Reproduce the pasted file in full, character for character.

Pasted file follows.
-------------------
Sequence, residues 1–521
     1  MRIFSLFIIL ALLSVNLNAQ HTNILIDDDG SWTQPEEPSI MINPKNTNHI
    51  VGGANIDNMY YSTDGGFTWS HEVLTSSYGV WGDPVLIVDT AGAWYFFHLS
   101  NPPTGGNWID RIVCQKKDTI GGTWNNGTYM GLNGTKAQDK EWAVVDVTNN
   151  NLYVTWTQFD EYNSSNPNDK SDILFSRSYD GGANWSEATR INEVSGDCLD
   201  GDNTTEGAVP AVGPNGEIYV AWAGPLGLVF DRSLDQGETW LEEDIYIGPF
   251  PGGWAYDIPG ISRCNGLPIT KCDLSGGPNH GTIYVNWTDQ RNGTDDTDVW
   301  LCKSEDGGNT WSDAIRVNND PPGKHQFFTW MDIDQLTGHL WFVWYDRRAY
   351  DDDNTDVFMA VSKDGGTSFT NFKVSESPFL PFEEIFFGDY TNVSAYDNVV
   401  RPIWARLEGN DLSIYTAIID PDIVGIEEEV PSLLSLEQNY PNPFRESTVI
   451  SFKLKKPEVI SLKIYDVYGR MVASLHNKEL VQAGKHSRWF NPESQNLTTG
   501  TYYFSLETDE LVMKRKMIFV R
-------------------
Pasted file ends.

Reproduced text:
Sequence, residues 1–521
     1  MRIFSLFIIL ALLSVNLNAQ HTNILIDDDG SWTQPEEPSI MINPKNTNHI
    51  VGGANIDNMY YSTDGGFTWS HEVLTSSYGV WGDPVLIVDT AGAWYFFHLS
   101  NPPTGGNWID RIVCQKKDTI GGTWNNGTYM GLNGTKAQDK EWAVVDVTNN
   151  NLYVTWTQFD EYNSSNPNDK SDILFSRSYD GGANWSEATR INEVSGDCLD
   201  GDNTTEGAVP AVGPNGEIYV AWAGPLGLVF DRSLDQGETW LEEDIYIGPF
   251  PGGWAYDIPG ISRCNGLPIT KCDLSGGPNH GTIYVNWTDQ RNGTDDTDVW
   301  LCKSEDGGNT WSDAIRVNND PPGKHQFFTW MDIDQLTGHL WFVWYDRRAY
   351  DDDNTDVFMA VSKDGGTSFT NFKVSESPFL PFEEIFFGDY TNVSAYDNVV
   401  RPIWARLEGN DLSIYTAIID PDIVGIEEEV PSLLSLEQNY PNPFRESTVI
   451  SFKLKKPEVI SLKIYDVYGR MVASLHNKEL VQAGKHSRWF NPESQNLTTG
   501  TYYFSLETDE LVMKRKMIFV R